A storage jar- known as an 'amphora'- used for holding food and drink such as wine and olives.
Residents invited to join Exeter archaeologists in unearthing Devon's past
Budding archaeologists will have the opportunity to help unearth Devon's Roman past on a University of Exeter excavation this summer.
Members of the local community are invited to apply for one of 20 places available at the dig in Ipplepen, which takes places from Monday 6th June to Friday 1st July.
The site was originally discovered by metal detectorists Jim Wills and Dennis Hewings, who reported their finds to the Portable Antiquities Scheme.
Since then, the project has gone from strength to strength and excavations have unearthed many important archaeological features, including a Roman road and an important Early Medieval cemetery. The Exeter team have also uncovered evidence of an Iron Age enclosure and indications of even earlier Bronze Age and Neolithic activity.
Professor Stephen Rippon, academic lead for the project and Early Medieval expert, said: "It’s great that we are able to return to Ipplepen again this year. We have a large number of students who are coming, and we hope that members of the local community will want to come and join us too."
Last year's excavations of the road revealed a large fragment of a huge storage jar - known as an 'amphora' - used for holding food and drink such as wine and olives. This type of amphora was made between AD 43 to AD 70 in Southern France, and may have been deliberately buried in the foundations of the road - perhaps as an offering when it was being built.
Earlier this year, archaeologists were further surprised at the radiocarbon dates from four of the excavated skeletons, which date from 6th to 8th centuries AD. The team now think the site continued in use into the Early Medieval period.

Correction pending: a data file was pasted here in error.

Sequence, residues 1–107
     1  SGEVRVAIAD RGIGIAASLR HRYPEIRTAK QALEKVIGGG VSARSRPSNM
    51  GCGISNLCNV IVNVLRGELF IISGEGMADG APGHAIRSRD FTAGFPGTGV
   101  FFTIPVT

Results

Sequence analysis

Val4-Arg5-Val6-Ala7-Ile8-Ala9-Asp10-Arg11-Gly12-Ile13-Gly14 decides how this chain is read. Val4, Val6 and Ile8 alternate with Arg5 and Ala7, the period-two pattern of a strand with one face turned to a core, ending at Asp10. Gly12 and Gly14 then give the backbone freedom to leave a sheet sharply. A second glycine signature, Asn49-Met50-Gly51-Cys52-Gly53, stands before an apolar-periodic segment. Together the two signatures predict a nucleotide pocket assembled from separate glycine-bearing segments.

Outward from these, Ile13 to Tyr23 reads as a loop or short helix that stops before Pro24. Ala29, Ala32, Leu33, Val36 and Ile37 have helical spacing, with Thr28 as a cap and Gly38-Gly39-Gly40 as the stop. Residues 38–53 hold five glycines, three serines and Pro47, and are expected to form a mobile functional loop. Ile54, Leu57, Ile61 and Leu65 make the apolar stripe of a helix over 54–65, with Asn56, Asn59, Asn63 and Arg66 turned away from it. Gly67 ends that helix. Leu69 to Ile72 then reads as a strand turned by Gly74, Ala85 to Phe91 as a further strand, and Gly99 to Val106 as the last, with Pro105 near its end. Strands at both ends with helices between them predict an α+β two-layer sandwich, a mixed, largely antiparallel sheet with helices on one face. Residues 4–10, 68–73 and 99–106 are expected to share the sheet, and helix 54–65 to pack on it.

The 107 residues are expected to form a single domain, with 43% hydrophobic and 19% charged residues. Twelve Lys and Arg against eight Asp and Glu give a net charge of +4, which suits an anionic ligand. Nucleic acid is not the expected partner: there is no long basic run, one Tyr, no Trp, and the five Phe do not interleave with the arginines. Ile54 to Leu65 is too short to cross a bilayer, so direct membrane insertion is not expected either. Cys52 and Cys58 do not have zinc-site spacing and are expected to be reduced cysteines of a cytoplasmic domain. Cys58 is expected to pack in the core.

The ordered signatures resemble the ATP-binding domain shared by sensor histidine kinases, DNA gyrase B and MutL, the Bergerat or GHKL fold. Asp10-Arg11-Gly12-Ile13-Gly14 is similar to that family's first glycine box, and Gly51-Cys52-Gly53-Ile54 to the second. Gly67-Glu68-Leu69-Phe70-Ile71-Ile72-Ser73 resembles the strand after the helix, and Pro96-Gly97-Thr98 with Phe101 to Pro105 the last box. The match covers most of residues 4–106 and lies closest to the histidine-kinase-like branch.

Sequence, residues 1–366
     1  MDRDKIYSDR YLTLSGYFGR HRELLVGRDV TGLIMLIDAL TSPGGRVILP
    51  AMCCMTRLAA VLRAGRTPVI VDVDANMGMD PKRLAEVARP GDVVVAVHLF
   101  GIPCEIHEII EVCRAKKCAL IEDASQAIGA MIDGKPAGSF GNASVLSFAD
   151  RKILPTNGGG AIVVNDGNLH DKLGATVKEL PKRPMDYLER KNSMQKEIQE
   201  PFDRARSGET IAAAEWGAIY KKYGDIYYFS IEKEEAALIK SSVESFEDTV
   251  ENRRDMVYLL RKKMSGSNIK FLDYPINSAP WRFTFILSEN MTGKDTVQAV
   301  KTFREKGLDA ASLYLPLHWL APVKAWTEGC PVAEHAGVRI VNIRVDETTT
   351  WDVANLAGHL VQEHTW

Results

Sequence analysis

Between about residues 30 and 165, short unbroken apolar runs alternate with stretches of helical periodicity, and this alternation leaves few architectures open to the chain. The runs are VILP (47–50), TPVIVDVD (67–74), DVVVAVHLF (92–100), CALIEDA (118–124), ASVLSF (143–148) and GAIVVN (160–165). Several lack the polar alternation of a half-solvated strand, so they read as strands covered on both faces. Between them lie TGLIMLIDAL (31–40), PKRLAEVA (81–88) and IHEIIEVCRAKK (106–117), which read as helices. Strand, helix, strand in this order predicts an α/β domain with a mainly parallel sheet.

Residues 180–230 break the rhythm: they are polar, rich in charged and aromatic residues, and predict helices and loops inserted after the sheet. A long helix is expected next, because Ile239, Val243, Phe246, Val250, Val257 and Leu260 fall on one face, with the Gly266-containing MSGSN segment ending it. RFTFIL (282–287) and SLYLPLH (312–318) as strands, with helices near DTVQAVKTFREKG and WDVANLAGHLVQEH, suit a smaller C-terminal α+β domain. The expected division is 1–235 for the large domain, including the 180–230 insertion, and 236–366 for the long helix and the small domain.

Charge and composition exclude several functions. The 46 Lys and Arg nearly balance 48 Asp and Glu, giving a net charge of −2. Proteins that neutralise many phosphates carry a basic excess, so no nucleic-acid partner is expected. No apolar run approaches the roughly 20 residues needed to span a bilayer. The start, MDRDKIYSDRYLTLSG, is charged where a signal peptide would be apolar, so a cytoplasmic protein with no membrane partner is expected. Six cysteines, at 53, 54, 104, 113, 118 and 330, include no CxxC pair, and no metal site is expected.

The team will host an Open Day on Saturday 25th June at the site from 10.30am to 3.30pm, for visitors to see finds and tour the excavation. Further details about the open day will be announced in June.
Devon Finds Liaison Officer, Danielle Wootton said: "We've had lots of support from the community and it's great to see that people are so interested in Devon's archaeology. Last year's open day was a huge success with around a thousand visitors coming to see the excavation. We are looking forward to welcoming visitors again on June 25th.
"We also hope that people will follow our Ipplepen Archaeological Project blog which we will be regularly updating. We'll also have an information point at the Hub in Ipplepen Methodist church during the excavation, where people will be able to drop in to find out daily information about the dig as it happens."
A donation by the late Mick Aston, of Channel 4’s Time Team, is helping to fund community work connected with the project. To donate and support the project visit the Fieldwork at Ipplepen webpages.
The excavation is a partnership project between the University of Exeter, Portable Antiquities Scheme, Cotswold Archaeology, Devon County Council, and the British Museum.
Participants must enjoy working outdoors in all weathers and must commit to spending one week at the site between 6th June and 1st July. To apply, email firstname.lastname@example.org by 9am on Monday 16 May with a covering letter of no more than 200 words explaining why you would like to be considered and stating a preference for weeks 1, 2 or 3. Participants with previous experience are encouraged to apply for week 4.
The places are free but it is hoped that participants will donate towards the cost of their training and supervision, and other costs such as post-excavation analysis including radiocarbon dating.
Date: 5 May 2016